Advanced Li-ion Battery Technologies 2024-2034: Technologies, Players, Forecasts

The global market for Li-ion battery cells alone is forecast to reach US$380 billion by 2034, driven primarily by demand for battery electric cars and vehicles. Improvements to battery performance and cost are required to ensure widespread deployment of electric vehicles and to enable longer runtime and functionality of electronic devices and tools, leading to strong competition in the development of next-generation Li-ion technologies. This report provides in-depth analysis, trends and developments in advanced and next-generation Li-ion cell materials and designs, including silicon anodes, Li-metal anodes, cathode material and synthesis developments, an introduction to solid-state batteries, amongst other areas of development. Details of the key players and start-ups in each technology space are outlined and addressable markets and forecasts are provided for silicon, Li-metal, and cathode material shares.
Li-ion demand forecast. Source: IDTechEx.
Historically driven by demand for consumer electronic devices, the EV and stationary storage markets have become increasingly important. While numerous battery and energy storage options are becoming available for the stationary energy storage market, the high energy density requirements of electronic and portable devices, and electric cars and vehicles, ensures that Li-ion batteries will remain the dominant battery chemistry. However, improvements are still sought after. For consumer and portable devices, longer run-times and faster charging capabilities are needed to keep up with increasing computing power and offer greater functionality. For the potentially lucrative EV market, longer range, short charging times, and of course lower costs and prices are still key to widespread adoption. The battery electric car market is of course a key target for many battery technology developments, offering the opportunity to supply a market where battery demand is forecast to grow beyond 2700 GWh by 2030. Certainly, the development of advanced and next-generation Li-ion technologies will be critical to various sectors, as well as for battery companies aiming to succeed or maintain their place in the market.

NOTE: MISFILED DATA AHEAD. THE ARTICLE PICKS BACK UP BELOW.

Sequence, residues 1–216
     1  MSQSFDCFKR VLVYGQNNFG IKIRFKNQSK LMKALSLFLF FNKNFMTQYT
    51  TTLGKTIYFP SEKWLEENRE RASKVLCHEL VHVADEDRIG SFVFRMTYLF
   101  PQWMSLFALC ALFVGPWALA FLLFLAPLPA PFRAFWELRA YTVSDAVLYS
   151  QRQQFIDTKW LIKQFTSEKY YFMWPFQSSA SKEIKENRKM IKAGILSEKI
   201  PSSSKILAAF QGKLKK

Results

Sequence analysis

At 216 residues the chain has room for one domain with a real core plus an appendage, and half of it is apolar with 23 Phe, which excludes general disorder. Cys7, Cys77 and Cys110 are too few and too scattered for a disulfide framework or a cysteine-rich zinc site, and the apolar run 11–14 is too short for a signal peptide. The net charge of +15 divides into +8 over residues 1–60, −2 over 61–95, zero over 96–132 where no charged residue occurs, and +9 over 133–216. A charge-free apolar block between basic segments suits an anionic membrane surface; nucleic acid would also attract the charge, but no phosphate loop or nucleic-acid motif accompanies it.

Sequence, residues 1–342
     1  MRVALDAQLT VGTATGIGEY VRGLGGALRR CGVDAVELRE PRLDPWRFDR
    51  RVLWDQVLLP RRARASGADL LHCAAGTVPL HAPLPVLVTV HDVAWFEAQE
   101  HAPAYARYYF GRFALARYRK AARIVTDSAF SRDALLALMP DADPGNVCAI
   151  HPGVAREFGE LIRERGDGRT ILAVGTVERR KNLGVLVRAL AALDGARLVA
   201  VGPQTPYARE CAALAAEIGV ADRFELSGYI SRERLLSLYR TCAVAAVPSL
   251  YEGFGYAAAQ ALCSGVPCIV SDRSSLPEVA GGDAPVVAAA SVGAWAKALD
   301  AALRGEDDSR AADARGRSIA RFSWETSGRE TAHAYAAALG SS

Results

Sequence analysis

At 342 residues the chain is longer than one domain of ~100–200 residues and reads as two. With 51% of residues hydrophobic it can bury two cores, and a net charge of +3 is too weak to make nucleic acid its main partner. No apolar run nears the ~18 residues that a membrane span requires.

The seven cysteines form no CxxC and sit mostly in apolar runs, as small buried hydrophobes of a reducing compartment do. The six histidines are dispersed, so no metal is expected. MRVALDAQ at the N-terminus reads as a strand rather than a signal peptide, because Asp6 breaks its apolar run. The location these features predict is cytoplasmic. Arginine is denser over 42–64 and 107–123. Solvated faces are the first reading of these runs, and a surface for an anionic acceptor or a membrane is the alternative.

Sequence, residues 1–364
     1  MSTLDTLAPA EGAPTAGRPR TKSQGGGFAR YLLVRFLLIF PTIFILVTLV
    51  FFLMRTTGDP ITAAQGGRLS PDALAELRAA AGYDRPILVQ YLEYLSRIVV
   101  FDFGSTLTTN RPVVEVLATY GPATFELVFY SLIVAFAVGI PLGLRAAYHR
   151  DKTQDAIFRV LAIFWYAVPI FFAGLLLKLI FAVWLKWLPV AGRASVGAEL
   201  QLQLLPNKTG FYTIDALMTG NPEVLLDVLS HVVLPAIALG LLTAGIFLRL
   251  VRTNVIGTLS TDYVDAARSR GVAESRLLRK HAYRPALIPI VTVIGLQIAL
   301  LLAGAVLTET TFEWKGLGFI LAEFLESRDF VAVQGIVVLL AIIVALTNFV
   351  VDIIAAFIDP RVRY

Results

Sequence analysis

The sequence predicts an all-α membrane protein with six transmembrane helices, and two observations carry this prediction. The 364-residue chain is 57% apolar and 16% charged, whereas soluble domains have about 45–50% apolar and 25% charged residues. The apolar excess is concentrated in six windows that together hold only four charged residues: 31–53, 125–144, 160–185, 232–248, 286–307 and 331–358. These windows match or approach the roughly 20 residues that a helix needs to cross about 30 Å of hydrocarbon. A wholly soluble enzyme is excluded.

Design schematics of lithium-based cell chemistries. Source: IDTechEx.
New anode materials offer the chance of significantly improved battery performance, particularly energy density and fast charge capability. Two of the most exciting material developments to Li-ion are the development and adoption of silicon anodes and Li-metal anodes, the latter often but not always in conjunction with solid-electrolytes. The excitement stems primarily from the possibility of these anode materials significantly improving energy density, where improvements of 30-40% over current state-of-the-art Li-ion cells are feasible. Enhancements to rate capability, safety, environmental profile, and even cost, are also being highlighted by developers. However, shifting from the use of silicon oxides as an additive to higher weight percentages, and the use of lithium-metal anodes have posed serious problems to battery cycle life and longevity, which has delayed and limited commercial adoption so far. This report covers and analyzes the solutions being developed and provides coverage of the various companies aiming to commercialize their high energy anode materials and designs. The report also provides coverage of high-rate anode materials based on metal oxides such as LTO and niobium anodes.